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Changes in temporomandibular joint anatomy, changes in condylar translation, and their relationship with disc displacement: magnetic resonance imaging study

Autho(rs): Luciane Marie Bedran1,a; Alair Augusto Sarmet Moreira Damas dos Santos2,b

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Keywords: Magnetic resonance imaging; Temporomandibular joint; Temporomandibular joint disc; Temporomandibular joint disorders.

Descritores: Ressonância magnética; Articulação temporomandibular; Disco da articulação temporomandibular; Transtornos da articulação temporomandibular.

OBJECTIVE: To assess changes in the articular surfaces of the temporomandibular joint (TMJ) and in condylar translation, as detected by magnetic resonance imaging (MRI), determining whether such changes correlate with disc displacement.
MATERIALS AND METHODS: We retrospectively analyzed the MRI scans of 2076 TMJs of 1038 patients with symptoms of temporomandibular disorder. We attempted to determine whether articular disc deformity and changes in condylar translation, as well as changes in the articular surfaces of the condyle, glenoid fossa, and articular eminence, correlated with disc displacement.
RESULTS: Disc displacement with reduction was associated with changes in the shape of the articular eminence. Disc displacement without reduction was most strongly associated with disc deformity, condylar degeneration, glenoid fossa degeneration, and effusion. Neither decreases nor increases in condylar translation were associated with disc deformity, degenerative bone changes, or disc displacement.
CONCLUSION: Changes in the shape of the articular eminence seem to predispose to progression of internal derangement of the TMJ.

OBJETIVO: Verificar a correlação entre as alterações das superfícies articulares e da translação condilar com o deslocamento de disco da articulação temporomandibular.
MATERIAIS E MÉTODOS: Foram analisados os exames de ressonância magnética de 2076 articulações temporomandibulares de pacientes sintomáticos de desordens temporomandibulares. A deformidade do disco articular, as alterações nas superfícies articulares do côndilo, da fossa glenoide e da eminência articular e as alterações na translação condilar foram correlacionadas com o deslocamento do disco.
RESULTADOS: O deslocamento do disco com redução demonstrou associação com as alterações de forma da eminência articular. O deslocamento do disco sem redução apresentou maior associação com a deformidade do disco, degeneração do côndilo e da fossa glenoide e efusão. Diminuição e aumento da translação condilar não apresentaram associação com a deformidade do disco, com alterações ósseas degenerativas, nem com o deslocamento do disco.
CONCLUSÃO: Mudanças na forma da eminência articular parecem predispor à progressão do desarranjo interno da articulação temporomandibular.


Temporomandibular disorders (TMDs) are the leading cause of maxillofacial pain, involving changes in the masticatory muscles and internal derangement of the temporomandibular joint (TMJ). Internal derangement is an abnormal relationship between the articular disc, condyle, glenoid fossa, and articular eminence(1–3). Anterior disc displacement is the most common disorder in patients with TMD. Posterior disc displacement, lateral disc displacement, and medial disc displacement have been described only rarely in the literature(1,4).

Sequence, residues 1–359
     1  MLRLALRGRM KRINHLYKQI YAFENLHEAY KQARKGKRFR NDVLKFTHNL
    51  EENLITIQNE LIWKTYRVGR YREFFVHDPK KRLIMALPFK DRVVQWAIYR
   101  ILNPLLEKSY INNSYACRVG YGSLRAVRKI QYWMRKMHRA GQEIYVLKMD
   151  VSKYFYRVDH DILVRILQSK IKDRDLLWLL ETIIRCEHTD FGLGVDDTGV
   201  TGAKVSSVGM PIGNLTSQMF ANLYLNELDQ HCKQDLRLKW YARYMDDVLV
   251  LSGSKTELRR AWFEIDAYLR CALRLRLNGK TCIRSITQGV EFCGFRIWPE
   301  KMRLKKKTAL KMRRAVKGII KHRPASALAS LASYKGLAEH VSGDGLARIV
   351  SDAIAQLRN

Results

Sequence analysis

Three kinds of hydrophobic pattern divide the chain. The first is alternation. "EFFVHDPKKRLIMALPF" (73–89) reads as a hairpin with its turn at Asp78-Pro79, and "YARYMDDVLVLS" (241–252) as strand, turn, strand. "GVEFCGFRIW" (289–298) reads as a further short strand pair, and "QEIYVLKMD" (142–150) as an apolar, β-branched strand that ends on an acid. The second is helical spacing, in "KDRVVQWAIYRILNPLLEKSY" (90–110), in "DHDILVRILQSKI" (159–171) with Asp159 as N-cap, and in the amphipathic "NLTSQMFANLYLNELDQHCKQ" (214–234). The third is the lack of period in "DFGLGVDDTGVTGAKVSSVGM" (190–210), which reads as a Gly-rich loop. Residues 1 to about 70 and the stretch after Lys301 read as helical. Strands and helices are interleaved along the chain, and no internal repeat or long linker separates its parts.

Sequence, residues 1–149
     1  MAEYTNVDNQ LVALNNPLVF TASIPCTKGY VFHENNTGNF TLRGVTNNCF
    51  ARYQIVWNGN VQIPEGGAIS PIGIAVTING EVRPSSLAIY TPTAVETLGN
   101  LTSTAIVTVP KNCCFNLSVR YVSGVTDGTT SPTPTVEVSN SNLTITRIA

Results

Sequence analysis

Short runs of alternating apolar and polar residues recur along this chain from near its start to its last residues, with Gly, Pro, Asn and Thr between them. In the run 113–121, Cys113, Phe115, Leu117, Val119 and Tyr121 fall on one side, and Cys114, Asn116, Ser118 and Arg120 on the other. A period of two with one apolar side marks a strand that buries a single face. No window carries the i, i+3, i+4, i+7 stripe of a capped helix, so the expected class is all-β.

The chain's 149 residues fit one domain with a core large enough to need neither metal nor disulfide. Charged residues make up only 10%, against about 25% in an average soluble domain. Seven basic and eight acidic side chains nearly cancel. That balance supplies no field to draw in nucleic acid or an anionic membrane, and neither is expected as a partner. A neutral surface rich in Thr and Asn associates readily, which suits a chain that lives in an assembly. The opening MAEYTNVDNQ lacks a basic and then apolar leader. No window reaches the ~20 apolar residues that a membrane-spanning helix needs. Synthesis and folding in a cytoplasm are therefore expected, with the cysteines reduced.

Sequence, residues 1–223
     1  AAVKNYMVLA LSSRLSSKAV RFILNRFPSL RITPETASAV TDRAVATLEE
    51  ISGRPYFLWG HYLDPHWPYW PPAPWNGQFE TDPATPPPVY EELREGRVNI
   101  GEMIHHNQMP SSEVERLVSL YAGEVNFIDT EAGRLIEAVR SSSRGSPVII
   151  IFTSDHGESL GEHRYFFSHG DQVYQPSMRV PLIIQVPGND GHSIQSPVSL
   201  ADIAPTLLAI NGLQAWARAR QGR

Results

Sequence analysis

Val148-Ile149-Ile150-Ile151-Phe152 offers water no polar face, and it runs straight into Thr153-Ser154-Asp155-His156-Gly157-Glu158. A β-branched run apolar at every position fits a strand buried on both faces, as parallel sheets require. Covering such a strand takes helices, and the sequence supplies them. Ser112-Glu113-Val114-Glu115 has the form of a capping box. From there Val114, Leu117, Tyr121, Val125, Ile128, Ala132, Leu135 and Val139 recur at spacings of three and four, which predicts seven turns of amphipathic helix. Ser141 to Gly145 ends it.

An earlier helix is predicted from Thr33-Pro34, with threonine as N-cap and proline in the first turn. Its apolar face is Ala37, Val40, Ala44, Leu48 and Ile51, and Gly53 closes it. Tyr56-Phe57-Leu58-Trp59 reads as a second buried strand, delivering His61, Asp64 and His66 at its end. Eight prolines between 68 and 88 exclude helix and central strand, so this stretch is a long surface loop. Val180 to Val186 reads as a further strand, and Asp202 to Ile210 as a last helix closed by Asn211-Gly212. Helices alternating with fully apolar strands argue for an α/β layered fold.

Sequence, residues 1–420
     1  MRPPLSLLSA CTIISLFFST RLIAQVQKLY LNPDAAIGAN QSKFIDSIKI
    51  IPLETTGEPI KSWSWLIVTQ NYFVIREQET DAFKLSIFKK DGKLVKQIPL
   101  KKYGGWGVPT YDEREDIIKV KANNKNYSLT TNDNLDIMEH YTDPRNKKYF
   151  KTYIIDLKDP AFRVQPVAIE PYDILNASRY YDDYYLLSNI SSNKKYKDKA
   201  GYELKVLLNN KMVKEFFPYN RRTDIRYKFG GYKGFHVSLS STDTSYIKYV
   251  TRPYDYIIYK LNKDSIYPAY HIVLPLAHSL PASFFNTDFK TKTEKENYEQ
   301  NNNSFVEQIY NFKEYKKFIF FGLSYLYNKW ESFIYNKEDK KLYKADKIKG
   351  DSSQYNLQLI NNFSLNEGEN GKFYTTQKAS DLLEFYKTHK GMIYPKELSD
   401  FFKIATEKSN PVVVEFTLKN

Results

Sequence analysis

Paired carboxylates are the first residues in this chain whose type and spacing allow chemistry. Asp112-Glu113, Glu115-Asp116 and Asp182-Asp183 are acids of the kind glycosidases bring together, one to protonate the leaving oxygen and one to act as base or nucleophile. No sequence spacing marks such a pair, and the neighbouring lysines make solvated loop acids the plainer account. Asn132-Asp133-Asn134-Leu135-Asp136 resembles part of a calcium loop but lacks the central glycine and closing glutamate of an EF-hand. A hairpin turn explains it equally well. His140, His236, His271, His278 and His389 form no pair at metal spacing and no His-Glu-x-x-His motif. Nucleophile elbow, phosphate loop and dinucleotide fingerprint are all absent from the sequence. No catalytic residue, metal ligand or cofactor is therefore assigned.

It has been suggested that progression of disc displacement leads to degenerative changes in the disc itself and in the articular surfaces(1,5–7), such changes presenting as radiological signs of osteoarthritis. Some authors have suggested that the anatomy of the eminence may predispose to disc displacement, whereas others have proposed that, conversely, disc displacement may lead to changes in the shape of the eminence(1,6,8,9). There is not enough evidence to establish a relationship between changes in the glenoid fossa and internal derangement of the TMJ(8). Morphological and positional abnormalities of the disc have also been associated with abnormalities in condylar translation and TMJ effusion, although this remains controversial(3,10,11).

Magnetic resonance imaging (MRI), considered the gold standard for the diagnosis of head and neck abnormalities(12–16), particularly TMJ changes, provides excellent contrast in soft tissues, without radiation exposure or surgical invasion, and is widely used to assess the configuration and position of the articular disc, as well as bone changes and effusion(1,5,7,9,10,17,18). Pain in and dysfunction of the TMJ are common clinical problems and, according to some studies, affect up to 28% of the population(19).

The aim of this study was to determine whether disc deformity, morphologic changes (in the condyle, glenoid fossa, and articular eminence), and changes in condylar translation correlate with disc displacement in patients with symptoms of TMD. The large number of cases analyzed here could provide more detailed analyses to further clarify the relationships that disc displacement has with the morphological and dynamic changes that occur in the TMJ.


This was a retrospective study of patients with suspected TMD who underwent MRI for between January 2007 and December 2014 at one of two centers: a private tertiary referral hospital and a private medical imaging clinic. The study was approved by the local research ethics committee (Reference no. 143-11; CAAE no. 0148.0.258.000-11).